A Plug for Deciduous Azaleas from Seed
Marjorie W. Baird, Bellevue, Washington
I have been growing rhododendrons from seed for 19 years and deciduous azaleas are the most rewarding of them all. The species seed germinates readily; the seedlings grow well enough so that you can snip the tips of them to make cuttings to increase your 'yield'; breaking dormancy in the spring has not been a problem; garden plants do not seem to require any special attention or coddling; they are hardy; a remarkable bloom sequence is represented, from March-flowering R. reticulatum and canadense to midsummer R. prunifolium.
Here are some Asians and a few of the Americans I have grown: R. reticulatum and R. albrechtii are two of the earliest to bloom. They both have bright, rich magenta flowers. The formers rhombic leaves turn a dark mahogany red in the autumn, while albrechtii's change to gold. R. schlippenbachii has similarly shaped leaves to albrechtii. There the similarity ceases. The flowers open later and vary from near-white to luscious shell-pink. Fall foliage is yellow to bright red, varying according to plant and season. The young plants are so attractive that one doesn't mind waiting seven years or so for the bloom. The most appealing, as a small plant, is R. quinquefolium. Its leaves, in whorls of five, are often edged with dark red. Some individuals turn a lovely bright red in the fall, others are yellow. Most of the plants I have seen bear white bells hanging shyly under the branchlets. R. pentaphyllum, which is very similar, has true shell-pink flowers.
R. sanctum, weyrichii, and amagianum are closely related. I have none of flowering size, but I understand that blooms of sanctum are rose-colored, while those of the other two are orange-red. New growth is attractively pubescent; mature leaves are shiny, well-shaped, and vary in fall color. Leaves of the soft-orange-flowered R. japonicum turn a bright clear red.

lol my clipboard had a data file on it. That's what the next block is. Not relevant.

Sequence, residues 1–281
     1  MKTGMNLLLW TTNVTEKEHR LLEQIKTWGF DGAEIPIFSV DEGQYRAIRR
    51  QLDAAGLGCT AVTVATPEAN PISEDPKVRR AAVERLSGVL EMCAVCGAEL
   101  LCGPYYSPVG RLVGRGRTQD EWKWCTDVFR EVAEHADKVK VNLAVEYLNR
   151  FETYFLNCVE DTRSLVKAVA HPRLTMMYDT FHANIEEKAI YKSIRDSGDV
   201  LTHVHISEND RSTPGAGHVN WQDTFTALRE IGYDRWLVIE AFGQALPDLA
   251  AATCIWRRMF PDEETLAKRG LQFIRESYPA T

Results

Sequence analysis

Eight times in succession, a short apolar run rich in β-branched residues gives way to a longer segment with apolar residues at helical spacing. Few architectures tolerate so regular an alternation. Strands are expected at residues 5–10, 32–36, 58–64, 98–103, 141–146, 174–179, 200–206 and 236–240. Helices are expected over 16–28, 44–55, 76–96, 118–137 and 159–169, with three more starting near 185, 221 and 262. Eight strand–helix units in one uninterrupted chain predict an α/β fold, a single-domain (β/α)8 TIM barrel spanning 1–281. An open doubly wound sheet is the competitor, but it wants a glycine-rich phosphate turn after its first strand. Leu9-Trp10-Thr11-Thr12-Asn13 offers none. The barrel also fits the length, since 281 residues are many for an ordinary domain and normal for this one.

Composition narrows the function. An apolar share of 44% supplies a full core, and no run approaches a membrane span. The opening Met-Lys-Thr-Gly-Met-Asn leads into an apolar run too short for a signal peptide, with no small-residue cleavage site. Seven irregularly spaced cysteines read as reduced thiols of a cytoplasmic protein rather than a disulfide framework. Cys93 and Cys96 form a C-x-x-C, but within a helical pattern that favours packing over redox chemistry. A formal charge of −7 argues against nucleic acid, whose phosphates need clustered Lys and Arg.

R. nipponicum, alone in its subseries, has leaves reminiscent of R. schlippenbachii and is equally hardy. The blooms are small and creamy white, hanging almost unnoticed beneath the leaves; the cinnamon-colored bark is papery and peels off, leaving shiny brown branches. The blooms and branches somewhat resemble those of Menziesia.
The mid-eastern R. luteum has been for years, and is still, one of the mainstays of landscape gardening. Its form, its soft-yellow, fragrant flowers, bronze-tinted new foliage, and brilliant red fall color are more than enough to make one wonder why it is not more generally available.
One of my favorite azaleas is a R. vaseyi, an Eastern United States native, which I bought as an open pollinated seedling at a Seattle study group plant sale. After several years of neglect, it was finally settled in a good spot. I took a spray of its first bloom to our May show and won the silver trophy for Best Azalea Spray! In the fall its foliage is an eye-catching coral-red.
R. canadense, the most northerly growing East Coast azalea, is not exactly flamboyant. The foliage changes to a quiet yellow; the plant never grows to a large size, and the flowers are small. But the sight of one, with its dark branchlets decked with pert white or mauve blooms on a cold, rainy March day, is heart-warming.
R. occidentale, our lone western representative, is extremely variable, as Dr. Frank Mossman and Britt Smith have shown us, but its fragrance and foliage are an asset to any garden. From observing its habitat one would think it fussy as to location but here, they seem not to mind drought or my obnoxious clay.
Let us see more of the beauty of deciduous azaleas in our Northwest gardens. Order from the many species and hybrids offered in our ARS Seed Exchange list - and enjoy yourself! (P.S.-If you collect seed to grow, trade, or send to the Exchange, please don't crush the capsules. When dry, the seed will fall out, especially if shaken in a covered box. If stubborn, it may have to be picked out with forceps or a dental pick.)